01:52 GMT +327 April 2018
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    Despite Trump's Tough Talk, US Quietly Slashing Nuke Numbers

    © AP Photo / Alex Brandon
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    Seemingly at odds with US President Donald Trump's insistence that the United States must "greatly strengthen and expand" its nuclear arsenal to avoid giving Russia an unfair advantage, the country's Air Force is in fact cutting the number of its deployed land-based nuclear missiles down to record lows.

    Nuclear weapons test at Enewetak in 1952
    © Flickr / International Campaign to Abolish Nuclear Weapons
    The cuts are in line with an Obama-era commitment to the New START accord, agreed with Russia in 2010.

    The US' arsenal of intercontinental ballistic missiles — ICBMs — has been reduced from 450 to 400 for the first time in a decade, when it was reduced from 500. The USAF reports that, with the latest cuts, the ICBM arsenal will be at its lowest point since the early 1960s, the height of the Cold War.

    Following his election to the presidency, Trump tweeted in December that the US must "greatly strengthen and expand its nuclear capability until such time as the world comes to its senses regarding nukes."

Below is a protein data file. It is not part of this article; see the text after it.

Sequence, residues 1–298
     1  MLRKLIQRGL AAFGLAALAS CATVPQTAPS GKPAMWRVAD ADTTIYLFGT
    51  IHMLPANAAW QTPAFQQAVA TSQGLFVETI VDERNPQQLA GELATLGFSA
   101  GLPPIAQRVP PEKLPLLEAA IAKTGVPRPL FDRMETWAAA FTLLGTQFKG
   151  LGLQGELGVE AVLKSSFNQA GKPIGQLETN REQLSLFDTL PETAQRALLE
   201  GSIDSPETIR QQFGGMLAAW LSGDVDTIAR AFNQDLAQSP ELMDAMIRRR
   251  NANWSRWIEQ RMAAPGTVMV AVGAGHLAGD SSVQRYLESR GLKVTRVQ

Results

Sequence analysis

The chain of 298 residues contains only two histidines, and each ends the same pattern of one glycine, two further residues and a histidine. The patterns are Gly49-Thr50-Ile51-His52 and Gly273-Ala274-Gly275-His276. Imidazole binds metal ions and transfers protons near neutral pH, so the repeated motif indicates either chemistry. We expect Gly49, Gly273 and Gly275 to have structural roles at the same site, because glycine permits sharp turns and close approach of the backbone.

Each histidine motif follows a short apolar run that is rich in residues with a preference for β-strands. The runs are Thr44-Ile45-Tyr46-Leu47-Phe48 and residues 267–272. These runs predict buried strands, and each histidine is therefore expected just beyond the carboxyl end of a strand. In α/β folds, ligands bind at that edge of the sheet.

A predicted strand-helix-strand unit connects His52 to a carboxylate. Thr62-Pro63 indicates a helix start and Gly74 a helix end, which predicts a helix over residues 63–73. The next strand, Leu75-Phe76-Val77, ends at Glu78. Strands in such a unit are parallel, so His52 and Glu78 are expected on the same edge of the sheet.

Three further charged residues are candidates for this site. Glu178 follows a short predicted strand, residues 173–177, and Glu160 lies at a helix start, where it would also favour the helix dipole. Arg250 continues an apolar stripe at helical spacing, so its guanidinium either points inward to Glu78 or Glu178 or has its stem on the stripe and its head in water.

​The US president has said he thinks the New START commitment, the limits of which both countries must meet by February 2018, is a bad deal for the US.

    After entering the White House, Trump ordered the Pentagon to review US nuclear forces, a process that includes a consideration of possible withdrawal from New START, the Associated Press reported. Russia is strongly opposed to a suspension of the accord.

    Experts are divided as to whether abandoning the accord would be wise for Washington. Michaela Dodge, analyst at the Heritage Foundation think tank, told AP the US should get out.

    "There should be a way to reverse those decreases," she said about the most recent cuts.

    But Daryl Kimball, executive director of the Arms Control Association, pointed to Russia honoring its commitment as reason to stay in. 

    "It's important for the United States to stay on schedule," Kimball said, adding that Washington staying true to its word will help ensure Moscow does the same.

    Critics of Trump's rhetoric say expanding the US nuclear capabilities is unnecessary and would drain funds needed in other, non-nuclear arenas.


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    new start, nuclear, US Air Force, Donald Trump, Washington, D.C, Moscow, United States, Russia
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